Finger pricking and patches will be obsolete for people with diabetes

Diabetes
17 August 2022 |

Alumna Danaë Delbeke is developing a solution that can improve the lives of millions of people with diabetes. The entrepreneur raised 38 million euro last year with the UGent spin-off Indigo Diabetes. The goal: to put a workable product on the market by 2024.

Danaë Delbeke: "We are working on a small sensor that is inserted under the skin of people with diabetes. This way they no longer need to prick their finger or walk around with a patch on their arm to measure their blood sugar level.

The sensor measures with the help of light: a chip sends light through the body fluid. Depending on which colours are absorbed, the glucose level can be determined.

The sensor chip sends the values immediately to a receiver the size of a USB stick in the pocket or handbag. The receiver sends the data to a smartphone, which warns if the glucose values deviate.”

Was it your childhood dream to eliminate health problems or did your commitment arise later in life?

Danaë Delbeke:  "Indigo was founded on the intersection of two fascinations: light and impact. Using light as a source of life to make this world an even better place is what drives me.

In many conversations with people with diabetes, I noticed that our light sensor can substantially improve their quality of life. We hope to have the sensor on the market by 2024."

You were at the basis of several academic spin-off startups in light technology (Luceda, Caliopa, Com&Sens, Indigo, Sentea, AntelopeDx) and you have a series of patents to your name. Where does your entrepreneurial drive come from? Your West-Flemish roots?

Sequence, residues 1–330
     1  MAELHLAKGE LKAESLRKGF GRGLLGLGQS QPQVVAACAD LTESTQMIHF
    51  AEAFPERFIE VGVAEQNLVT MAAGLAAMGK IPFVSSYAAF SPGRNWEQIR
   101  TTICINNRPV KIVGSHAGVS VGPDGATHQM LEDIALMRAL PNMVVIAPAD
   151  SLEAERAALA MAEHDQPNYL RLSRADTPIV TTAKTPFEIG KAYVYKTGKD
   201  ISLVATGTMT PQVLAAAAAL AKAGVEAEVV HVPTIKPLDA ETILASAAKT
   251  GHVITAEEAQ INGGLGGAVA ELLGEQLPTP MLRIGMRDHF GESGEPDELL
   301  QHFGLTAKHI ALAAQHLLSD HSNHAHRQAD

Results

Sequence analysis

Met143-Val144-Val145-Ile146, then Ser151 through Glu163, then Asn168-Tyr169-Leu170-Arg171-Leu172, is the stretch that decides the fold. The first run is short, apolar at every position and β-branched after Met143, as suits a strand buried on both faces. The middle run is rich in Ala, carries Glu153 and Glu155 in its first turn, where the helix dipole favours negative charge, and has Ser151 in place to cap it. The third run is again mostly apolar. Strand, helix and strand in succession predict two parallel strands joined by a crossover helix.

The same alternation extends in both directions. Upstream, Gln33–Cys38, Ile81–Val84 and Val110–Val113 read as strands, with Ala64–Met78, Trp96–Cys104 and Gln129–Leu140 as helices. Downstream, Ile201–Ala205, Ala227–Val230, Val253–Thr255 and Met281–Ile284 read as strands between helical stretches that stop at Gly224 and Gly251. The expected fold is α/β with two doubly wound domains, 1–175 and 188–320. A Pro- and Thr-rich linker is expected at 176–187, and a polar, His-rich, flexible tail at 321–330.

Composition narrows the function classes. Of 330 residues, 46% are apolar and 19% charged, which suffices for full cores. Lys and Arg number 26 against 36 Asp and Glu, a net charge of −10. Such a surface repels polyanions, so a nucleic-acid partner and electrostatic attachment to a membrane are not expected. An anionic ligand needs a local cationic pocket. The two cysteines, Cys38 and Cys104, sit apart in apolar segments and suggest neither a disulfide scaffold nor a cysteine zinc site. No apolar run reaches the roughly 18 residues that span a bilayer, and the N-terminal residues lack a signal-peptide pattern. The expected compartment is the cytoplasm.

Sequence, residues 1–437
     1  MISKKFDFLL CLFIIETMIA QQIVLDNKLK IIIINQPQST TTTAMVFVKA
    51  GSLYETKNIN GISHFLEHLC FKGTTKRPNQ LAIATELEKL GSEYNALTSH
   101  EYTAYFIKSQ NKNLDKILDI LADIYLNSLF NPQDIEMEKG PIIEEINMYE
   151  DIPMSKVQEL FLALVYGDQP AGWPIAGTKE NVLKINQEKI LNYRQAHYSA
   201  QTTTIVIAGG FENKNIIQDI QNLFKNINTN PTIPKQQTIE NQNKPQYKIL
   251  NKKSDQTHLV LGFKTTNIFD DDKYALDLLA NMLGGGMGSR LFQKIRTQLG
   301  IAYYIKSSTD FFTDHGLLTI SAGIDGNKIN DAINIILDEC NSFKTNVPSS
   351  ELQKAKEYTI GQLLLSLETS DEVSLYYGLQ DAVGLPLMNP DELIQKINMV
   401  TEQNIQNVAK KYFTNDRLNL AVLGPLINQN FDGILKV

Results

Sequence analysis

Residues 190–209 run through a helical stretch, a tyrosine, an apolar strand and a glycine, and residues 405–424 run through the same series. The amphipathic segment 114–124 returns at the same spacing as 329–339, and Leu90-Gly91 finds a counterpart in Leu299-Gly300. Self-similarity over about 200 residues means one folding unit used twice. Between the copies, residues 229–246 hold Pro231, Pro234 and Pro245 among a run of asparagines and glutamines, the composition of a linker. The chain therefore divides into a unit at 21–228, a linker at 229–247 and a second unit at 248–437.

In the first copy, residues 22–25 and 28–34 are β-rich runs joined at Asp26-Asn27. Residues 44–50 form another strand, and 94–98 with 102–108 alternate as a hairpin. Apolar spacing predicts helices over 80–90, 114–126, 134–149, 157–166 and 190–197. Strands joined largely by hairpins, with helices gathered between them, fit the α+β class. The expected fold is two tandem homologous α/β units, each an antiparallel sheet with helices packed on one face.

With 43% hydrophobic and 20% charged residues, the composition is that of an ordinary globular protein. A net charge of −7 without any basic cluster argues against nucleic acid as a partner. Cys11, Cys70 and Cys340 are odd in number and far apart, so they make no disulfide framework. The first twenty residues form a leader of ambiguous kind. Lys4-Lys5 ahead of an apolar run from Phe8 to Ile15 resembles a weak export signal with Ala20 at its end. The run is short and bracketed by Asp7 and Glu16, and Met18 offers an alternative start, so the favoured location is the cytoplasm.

Danaë Delbeke: “Solving problems and photonics give me energy. Light and colours have always been very fascinating to me. What is a rainbow? Why is the sky blue? How does photosynthesis work?

Maybe it is in my DNA. My sister Daphne Delbeke makes installations for lighting architectural buildings with her company Magic Monkey. Her gigantic lighting projects are made possible by the same principles we have integrated in our implantable chips.

Two completely different applications that use light to make the world a more beautiful place. Roots might have something to do with it, who knows?"

This is the first project you are leading yourself. Why this specific project?

Danaë Delbeke: "A successful project requires a talented team, a committed investment team, capital, a game-changing technology and a need or demand for your product. Indigo checks all the boxes. I did not hesitate for a moment to throw myself into it."

Danaë Delbeke

Danaë Delbeke graduated in 1997 from Ghent University as a civil engineer in Electrical Engineering and later obtained a PhD in Photonics (UGent, 2002). She is CEO of Indigo, a UGent spin-off, and a pioneer in the fight against diabetes. For her innovative approach, social commitment and ambitious plans she was named Engineer of the Year in 2021, an award from Alumni Engineers Ghent.

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